“I Read a Research Paper on the Topic”

Sorry about the delay between posts…

I had limited internet access over the holidays.  Anyway…

If you have ever been involved in a discussion/debate (which I am sure we all have at some point), I am sure that you have heard the following statement at least once…

“Well, I have read a research paper on the topic”

The infamous “research paper” defence!

While often employed by the forces for good, the research paper defence is often used by the forces of EVIL, specifically by those promoting pseudo-science and woo.  In these circumstances the research paper defence is employed as an authoritative declaration with the intent of ending a discussion.  Thus leaving all of those involved with the sentiment that the ultimate truth on the matter has been spoken.    

Use of the research paper defence can have several different intended (or unintended) consequences.  It can be used as a means of providing information and insight into the topic at hand.  The person employing the research paper defence seeks nothing more than to add truth/facts to the discussion.  In this type of circumstance, the research paper defence is an attempt to add some truth/facts to the conversation.  On the other hand, the research paper defence can be used as a means of intentionally ending a conversation, typically with malicious intentions.  And it is this use of the research paper defence that is often employed by propagators of pseudo-science and woo.

With this in mind…

There are some important questions that one must ask when the research paper defence is employed, as not all research papers are created equal.  Instead they fall on a continuum that ranges from “utter crap” to “reliable information that represents our best current knowledge on a specific topic”.  The questions listed below will provide potential insight into the intent of the person employing them as well as the validity of the sources being quoted.   

1)      When was the paper published?

Although a seemingly unimportant question, the year of publication is actually quite important.  If someone quotes a research paper that is years or even decades old, it is possible that the information contained within that paper is no longer relevant or has been disproven.  Although the age of a research paper does automatically determine its relevance, it can provide insight into the potential validity of a paper and the information contained within. 

2)      Who published the paper?

Was the paper proving the homeopathy is more effective that conventional medicine (just for those unsure, it is not!) published by the Journal for Homeopathy that has a review panel that consists of only homeopaths?  Or was the paper published in a peer reviewed journal that proudly employs a wide variety of unbiased/objective reviewers from a variety of different relevant backgrounds that do not have a vested interest in the results of a particular paper?  Was the paper as self produced pamphlet, written and distributed by a crank that thinks that everyone is involved in a conspiracy against him that only he has uncovered?  Or was the paper published in a reputable journal that holds itself accountable to its readers and the public at large?  Determining who published a paper and information about that publisher can provide valuable insight into the validity of a paper.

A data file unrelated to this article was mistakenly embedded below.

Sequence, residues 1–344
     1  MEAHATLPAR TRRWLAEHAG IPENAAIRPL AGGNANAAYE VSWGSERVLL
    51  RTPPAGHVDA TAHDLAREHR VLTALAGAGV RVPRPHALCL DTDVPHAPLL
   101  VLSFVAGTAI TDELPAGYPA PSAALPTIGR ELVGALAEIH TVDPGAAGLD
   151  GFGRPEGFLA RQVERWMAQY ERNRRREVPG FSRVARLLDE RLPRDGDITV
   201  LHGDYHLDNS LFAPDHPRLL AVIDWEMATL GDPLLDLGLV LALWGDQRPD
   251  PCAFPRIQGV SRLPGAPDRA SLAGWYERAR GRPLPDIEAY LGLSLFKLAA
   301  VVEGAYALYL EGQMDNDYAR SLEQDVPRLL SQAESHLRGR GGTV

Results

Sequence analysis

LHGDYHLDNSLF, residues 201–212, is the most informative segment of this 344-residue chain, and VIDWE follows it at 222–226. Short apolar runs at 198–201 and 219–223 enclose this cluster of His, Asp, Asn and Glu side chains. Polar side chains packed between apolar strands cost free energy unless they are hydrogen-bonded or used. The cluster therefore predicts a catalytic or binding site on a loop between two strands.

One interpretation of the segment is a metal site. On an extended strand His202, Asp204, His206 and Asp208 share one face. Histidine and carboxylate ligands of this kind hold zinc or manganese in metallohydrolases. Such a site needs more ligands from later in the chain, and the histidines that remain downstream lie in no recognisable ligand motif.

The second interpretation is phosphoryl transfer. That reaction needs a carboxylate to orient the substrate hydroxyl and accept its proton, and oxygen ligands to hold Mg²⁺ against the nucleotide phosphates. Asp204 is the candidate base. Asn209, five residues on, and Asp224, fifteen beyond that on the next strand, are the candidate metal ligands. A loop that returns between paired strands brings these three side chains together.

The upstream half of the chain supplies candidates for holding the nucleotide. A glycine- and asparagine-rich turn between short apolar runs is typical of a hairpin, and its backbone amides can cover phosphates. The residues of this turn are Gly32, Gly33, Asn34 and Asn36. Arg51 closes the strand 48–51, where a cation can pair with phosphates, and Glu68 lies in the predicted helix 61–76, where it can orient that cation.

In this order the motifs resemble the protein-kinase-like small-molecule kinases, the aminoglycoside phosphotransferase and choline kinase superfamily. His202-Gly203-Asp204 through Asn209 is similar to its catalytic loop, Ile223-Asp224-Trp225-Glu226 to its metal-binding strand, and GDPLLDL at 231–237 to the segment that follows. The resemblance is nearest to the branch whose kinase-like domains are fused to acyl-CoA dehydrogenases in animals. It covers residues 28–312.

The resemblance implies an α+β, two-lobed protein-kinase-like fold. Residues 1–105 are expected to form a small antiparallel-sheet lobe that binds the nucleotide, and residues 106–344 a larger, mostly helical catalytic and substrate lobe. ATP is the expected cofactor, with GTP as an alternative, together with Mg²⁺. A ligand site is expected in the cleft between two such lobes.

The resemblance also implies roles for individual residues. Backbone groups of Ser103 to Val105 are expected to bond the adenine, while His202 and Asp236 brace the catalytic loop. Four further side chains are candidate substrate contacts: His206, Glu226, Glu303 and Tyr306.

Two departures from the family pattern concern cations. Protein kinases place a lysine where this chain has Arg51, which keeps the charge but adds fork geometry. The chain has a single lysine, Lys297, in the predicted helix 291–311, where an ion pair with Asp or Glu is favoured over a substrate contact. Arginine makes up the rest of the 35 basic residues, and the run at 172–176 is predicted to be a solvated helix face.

3)      What type of study was run?

Was the paper reporting on a study that included 5 research participants that knew the type of treatment they were getting?  Or was the study a double blind placebo control trial?  Is the paper an opinion piece written by a lone crank or is a systematic review written by an expert in a particular field regarding a specific topic?  When assessing the validity of a paper, the type of study run is extremely important to determine.    

4)      What where the actual results/conclusion of the research paper?

This one is really important!

I have lost track of the amount of times that someone misinterprets the results of a research paper.  Whether it is intentional or unintentional the result is still the same.  It misleads the individual hearing the information and provides false data regarding a topic of discussion.  However, when done intentionally, this type of error can take on a malicious intent, and again, is a tactic often employed by propagators of pseudo-science and woo.  So when encountering the research paper defence this is a tactic that you MUST be aware of!

Though far from an exhaustive list, it is my hope that the above “questions” will serve as a good starting point to arm you in the fight against pseudo-science and woo. 

This has been the skeptical samurai

Working to serve…

Through the process of inquiry….


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